But is The Information — whose title anticipates an interest in nothing short of everything — just a trade publication, like Advertising Age or Publishers Weekly? (One heavily trafficked section features richly detailed organizational charts that executive recruiters mine for leads.)

Ms. Lessin, seeming a little annoyed by the question, tilted her head and widened her eyes as she computed her reply. “I think that misses the point,” she finally said. “There’s so much hunger for what we produce.”

In December, she introduced a consumer-friendly version of the site, an app called The Tech Top 10, priced at $30 a year. Instead of a dense story on Netflix’s debt structure, the app might publish a short explainer on Netflix’s price increase. “You’re matching the reader with the level of expertise they want,” Ms. Lessin said. “That’s what subscriptions allow you to do.”

She won’t say how many subscribers The Information has, but some back-of-the-envelope math suggests she’ll have to hit 40,000 paying readers by this year to reach her sales objective, which could be a significant challenge. According to three people familiar with the business, the publication surpassed 20,000 subscribers only around the middle of last year. “I can confirm we have more than that,” she said, declining to be more specific.

Her publication’s success has attracted suitors. Some time last year, John Ridding, the chief executive of The Financial Times, Britain’s pre-eminent business publication, met with Ms. Lessin in San Francisco. The salmon-colored broadsheet was interested in a possible takeover, three people familiar with the matter said. Mr. Ridding declined to comment, and Ms. Lessin said The Information was not for sale.

As at any start-up, the vibe at The Information’s open-plan offices is like a college dorm room that’s in the middle of being cleaned up ahead of Parents’ Weekend. A large part of the staff hails from The Journal, including Martin Peers, who used to be Ms. Lessin’s editor. Now, she’s his boss.

Mr. Peers, 59, is famous within journalism circles for his cantankerous nature and deep skepticism of Silicon Valley — and yet he came west. “I had been at the Journal for 15 years,” he said. “I was exhausted and what Jessica was proposing was the perfect antidote, and I thought, ‘Why not?’”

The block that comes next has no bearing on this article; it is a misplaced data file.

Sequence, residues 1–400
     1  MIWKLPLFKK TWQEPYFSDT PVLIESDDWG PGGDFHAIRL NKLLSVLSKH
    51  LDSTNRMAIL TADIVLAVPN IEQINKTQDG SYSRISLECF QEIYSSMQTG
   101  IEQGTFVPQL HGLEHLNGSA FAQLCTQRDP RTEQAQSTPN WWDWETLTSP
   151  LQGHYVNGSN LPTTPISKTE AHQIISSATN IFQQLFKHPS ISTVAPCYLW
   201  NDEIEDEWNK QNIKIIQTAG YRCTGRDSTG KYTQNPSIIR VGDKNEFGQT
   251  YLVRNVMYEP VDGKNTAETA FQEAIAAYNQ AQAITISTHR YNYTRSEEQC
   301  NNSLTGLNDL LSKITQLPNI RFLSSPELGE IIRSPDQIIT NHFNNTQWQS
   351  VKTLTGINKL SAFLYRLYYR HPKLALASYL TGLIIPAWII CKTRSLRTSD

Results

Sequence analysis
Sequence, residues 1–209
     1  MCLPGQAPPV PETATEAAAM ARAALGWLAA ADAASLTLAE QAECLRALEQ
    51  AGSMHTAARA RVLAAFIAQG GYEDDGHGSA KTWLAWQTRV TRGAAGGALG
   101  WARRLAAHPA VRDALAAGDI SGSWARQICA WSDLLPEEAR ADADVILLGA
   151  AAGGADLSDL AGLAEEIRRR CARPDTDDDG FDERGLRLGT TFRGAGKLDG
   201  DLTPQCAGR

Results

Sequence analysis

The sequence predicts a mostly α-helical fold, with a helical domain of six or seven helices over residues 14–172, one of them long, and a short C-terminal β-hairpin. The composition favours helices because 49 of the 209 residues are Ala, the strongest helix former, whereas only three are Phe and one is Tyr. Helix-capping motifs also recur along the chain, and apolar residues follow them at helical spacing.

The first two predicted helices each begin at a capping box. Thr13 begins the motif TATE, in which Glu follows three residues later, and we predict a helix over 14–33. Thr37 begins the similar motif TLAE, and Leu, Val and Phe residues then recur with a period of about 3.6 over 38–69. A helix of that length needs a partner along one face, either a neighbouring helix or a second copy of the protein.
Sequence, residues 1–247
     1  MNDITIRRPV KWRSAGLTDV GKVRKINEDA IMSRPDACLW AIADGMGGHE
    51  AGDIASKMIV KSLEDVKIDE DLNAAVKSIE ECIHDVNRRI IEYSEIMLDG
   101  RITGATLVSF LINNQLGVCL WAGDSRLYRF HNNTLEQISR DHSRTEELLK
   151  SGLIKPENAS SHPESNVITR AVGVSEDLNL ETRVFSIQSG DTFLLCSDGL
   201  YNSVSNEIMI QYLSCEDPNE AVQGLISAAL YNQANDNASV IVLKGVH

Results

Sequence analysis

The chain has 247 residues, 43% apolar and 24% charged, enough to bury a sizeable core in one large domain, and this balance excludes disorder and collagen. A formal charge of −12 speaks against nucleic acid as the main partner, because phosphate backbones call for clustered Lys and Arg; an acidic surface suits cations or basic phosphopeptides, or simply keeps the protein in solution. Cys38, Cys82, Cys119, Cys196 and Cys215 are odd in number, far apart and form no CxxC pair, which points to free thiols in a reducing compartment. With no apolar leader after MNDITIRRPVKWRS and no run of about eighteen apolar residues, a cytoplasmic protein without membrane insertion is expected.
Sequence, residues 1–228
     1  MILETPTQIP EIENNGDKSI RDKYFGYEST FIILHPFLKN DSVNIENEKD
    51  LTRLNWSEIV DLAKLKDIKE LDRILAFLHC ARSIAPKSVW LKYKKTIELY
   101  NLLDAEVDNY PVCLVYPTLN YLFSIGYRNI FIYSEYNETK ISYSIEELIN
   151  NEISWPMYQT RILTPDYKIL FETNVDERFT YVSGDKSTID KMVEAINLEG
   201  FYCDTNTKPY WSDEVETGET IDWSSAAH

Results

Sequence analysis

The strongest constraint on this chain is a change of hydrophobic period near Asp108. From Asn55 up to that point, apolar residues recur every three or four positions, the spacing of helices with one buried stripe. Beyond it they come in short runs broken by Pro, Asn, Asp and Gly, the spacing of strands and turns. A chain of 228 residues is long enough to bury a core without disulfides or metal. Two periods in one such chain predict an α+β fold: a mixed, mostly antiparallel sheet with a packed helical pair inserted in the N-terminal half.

In June 2017, the site landed one of its biggest scoops: a feature that revealed sexual harassment allegations against one of Silicon Valley’s most well-connected venture capitalists. Six women had accused Justin Caldbeck, a partner at Binary Capital, of unwanted sexual advances, with three of them speaking to the reporter, Mr. Albergotti, on the record.

The story exposed a pervasive culture of misogyny and harassment within tech, immediately raised The Information’s profile and was a precursor of the broader #MeToo movement. But Mr. Albergotti, who now works at The Washington Post, remembered the staff’s anxiety as they got closer to publishing. They were keenly aware of what had happened to Gawker, which was sued for invasion of privacy by Hulk Hogan. The suit, which was financed by the venture capitalist Peter Thiel, drove Gawker into extinction and stoked a fear among publishers that anyone with enough money and willpower could vaporize a news outlet.

As the Caldbeck story was about to go to press, Ms. Lessin was in Italy attending a conference. She consulted the company’s liability insurance, which she had printed out, in her hotel room before heading to a dinner where she would be seated with Jeff Bezos. “I don’t remember if I vomited or not,” she said. “But I was very nervous.” She gave the green light.